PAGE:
California Ballot Props: Term Limits Change and Community College Funding Defeated; Tribal Gaming Approved4 min read

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The outcomes won’t change here: Calikfornians defeated all ballot measures except for the four Indian Gaming referenda.

With 95% of the precinct vote in—but with perhaps a million more vote by mail ballots and others to be counted—the biggest surprise may be the relative closeness of Prop 93 which sought to change term limits in California—among the strictest in the nation—which is failing 46.6% yes and 53.4% no. The California Field poll and other late polls show the measure in the 30’s.

A look at the state county map of election returns shows it winning in only 7 of California’s 58 counties: San Francicsco, Monterey, and Santa Cruz, and some smaller inland counties.

This will have major impacts—and some of them immediately—as both Speaker of the Assembly Fabian Nunez and President pro Tem Don Perata will now be out of their offices by the end of the year, and if history is any example, there may well be leadership changes before then, with jockeying having started long before the vote yesterday. As we have pointed out in another article this morning, there will be an Oklahoma land rush for at least 34 open seats in the June primary. Filing opens for those races Monday.

Just how all this plays out with big issues—the budget with huge deficits—and what is possibly a low turnout election in June, will have to be analyzed and reported on.

With that huge deficit, a massive advertising campaign, and support from Governor Schwarzenegger, other statewide officeholders, and most legislators those who won the right to install 17,000 new slot machines—reportedly the highest single expansion in United States history, and certainly in the state of California—have won on Propositions 94 through 97. The voters in those propositions affirmed the legislature’s actions.

Money undoubtedly played a role here, with tribes in support spending $115 million according to recent California Secretary of State information. The opposition spending was approximately a third of that—around $38 million—still a massive sum.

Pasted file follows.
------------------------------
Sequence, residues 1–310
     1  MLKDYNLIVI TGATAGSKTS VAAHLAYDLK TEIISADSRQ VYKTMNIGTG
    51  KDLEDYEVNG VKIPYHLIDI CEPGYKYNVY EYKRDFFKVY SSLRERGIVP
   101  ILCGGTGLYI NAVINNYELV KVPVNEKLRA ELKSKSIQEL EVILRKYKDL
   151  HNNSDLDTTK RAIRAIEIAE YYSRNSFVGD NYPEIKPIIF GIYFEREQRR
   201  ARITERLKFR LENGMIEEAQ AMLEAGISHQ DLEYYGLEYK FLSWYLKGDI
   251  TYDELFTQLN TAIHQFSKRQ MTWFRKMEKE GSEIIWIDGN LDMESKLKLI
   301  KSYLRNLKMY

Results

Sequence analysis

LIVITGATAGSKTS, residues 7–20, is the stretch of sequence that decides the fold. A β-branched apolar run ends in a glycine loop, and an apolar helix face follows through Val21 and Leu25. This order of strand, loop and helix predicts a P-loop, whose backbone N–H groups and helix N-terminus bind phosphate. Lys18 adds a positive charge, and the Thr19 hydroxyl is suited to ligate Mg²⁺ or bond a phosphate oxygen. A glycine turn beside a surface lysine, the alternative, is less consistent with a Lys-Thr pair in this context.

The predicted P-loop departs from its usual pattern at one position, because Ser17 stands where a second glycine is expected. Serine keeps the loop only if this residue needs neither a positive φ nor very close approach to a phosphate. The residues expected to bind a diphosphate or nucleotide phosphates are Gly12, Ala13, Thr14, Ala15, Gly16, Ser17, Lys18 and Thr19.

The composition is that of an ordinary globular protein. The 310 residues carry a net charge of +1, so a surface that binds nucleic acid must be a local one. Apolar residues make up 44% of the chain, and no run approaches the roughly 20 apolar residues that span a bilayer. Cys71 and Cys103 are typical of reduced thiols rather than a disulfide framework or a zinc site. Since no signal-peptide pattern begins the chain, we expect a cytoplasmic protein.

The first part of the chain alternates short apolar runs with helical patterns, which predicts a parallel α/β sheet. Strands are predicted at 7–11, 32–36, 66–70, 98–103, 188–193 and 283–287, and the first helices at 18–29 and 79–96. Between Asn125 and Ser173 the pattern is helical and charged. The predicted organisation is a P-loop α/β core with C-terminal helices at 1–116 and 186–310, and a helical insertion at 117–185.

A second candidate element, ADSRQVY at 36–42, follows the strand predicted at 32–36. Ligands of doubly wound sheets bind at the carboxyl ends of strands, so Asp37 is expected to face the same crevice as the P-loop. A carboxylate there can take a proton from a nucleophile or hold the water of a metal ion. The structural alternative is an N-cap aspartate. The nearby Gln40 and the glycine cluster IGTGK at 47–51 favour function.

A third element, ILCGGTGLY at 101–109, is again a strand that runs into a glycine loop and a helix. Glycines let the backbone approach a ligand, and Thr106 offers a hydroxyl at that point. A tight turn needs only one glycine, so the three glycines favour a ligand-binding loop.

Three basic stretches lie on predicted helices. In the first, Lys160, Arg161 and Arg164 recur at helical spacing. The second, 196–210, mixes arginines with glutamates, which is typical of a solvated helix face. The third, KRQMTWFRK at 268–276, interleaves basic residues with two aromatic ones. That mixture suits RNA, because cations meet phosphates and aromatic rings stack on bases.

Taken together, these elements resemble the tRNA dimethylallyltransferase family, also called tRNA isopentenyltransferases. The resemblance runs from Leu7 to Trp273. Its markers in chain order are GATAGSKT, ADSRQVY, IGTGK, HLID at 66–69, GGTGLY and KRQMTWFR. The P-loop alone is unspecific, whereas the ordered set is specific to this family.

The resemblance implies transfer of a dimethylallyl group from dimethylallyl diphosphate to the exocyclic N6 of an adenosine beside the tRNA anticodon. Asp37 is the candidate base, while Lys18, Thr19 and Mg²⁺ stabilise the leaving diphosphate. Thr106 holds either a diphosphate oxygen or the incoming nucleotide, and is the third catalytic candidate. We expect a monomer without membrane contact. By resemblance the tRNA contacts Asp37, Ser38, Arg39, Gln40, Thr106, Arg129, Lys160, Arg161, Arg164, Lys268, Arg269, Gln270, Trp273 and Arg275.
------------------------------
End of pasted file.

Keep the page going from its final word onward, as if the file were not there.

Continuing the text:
A look at the map shows Prop 94 passing in 39 of California’s 58 counties. It failed in Bay Area and a number of north coast district, but won elsewhere. It is receiving around 56% of the vote and the totals are near identical for the remaining three referenda on compacts with other tribes.

Time will tell how much in revenues it will bring in to the state’s coffers. There also have been reports of additional compacts that the Governor may negotiate with other tribes, and it will be interesting to see how this plays out—and the dynamics of support and opposition by the tribes that won to other tribes also placing more slot machines in the state.

Proposition 92 on Community College funding, fees, and governance was defeated substantially, only receiving 42.6% of the vote. It was supported by the California Federation of Teachers and many students, but opposed by the California Teachers Association and many from other publicly funded institutions of higher learning in the state—from the University of California and the California State Universities as well as the state’s K-12 schools. It would have dedicated a portion of the pool of education money to the Community Colleges, thus reducing funds for these other levels of education.

This proposition was a hard sell to the voters in a time of extreme budget deficits in the state. It was criticized as ballot box budgeting at a time when many argued for flexibility to be in the hands of the governor and legislature. This is exactly what those who wanted to see California Community Colleges receive more funding sought to avoid—as that flexibility—unless the total amount of funding for education increases—has led to low state support for community colleges and higher fees and costs for students.

Imperial County was the only one in California to vote for Prop 92.

Finally, Prop 91—a vestigial one left over from negotiations of the infrastructure bonds in 2006, which had provisions mandating that portions of these funds failed. What is instructive is that it actually received about 42% of the vote despite the fact that the proponents of it—who spent money to get it on the ballot—argued against it in the ballot pamphlet. They pointed out that the voters had passed with the transportation bonds in 2006 provisions that prevent diversion of transportation financed funds for non transportation purposes. There was no argument at all in the main arguments in the pamphlet or the rebuttals, in support and no organized support for the measure.

Prop 91 got 87% of the vote—on the yes side in tiny Butte County—with over 20,000 in support and only a little over 3000 in opposition. It stands out in stark contrast in the map of the state which shows a number of counties with only a few percentage points more on the no side.

Had 91 passed, it would have become one of those apocryphal stories—like when a dead candidate beats a live one.

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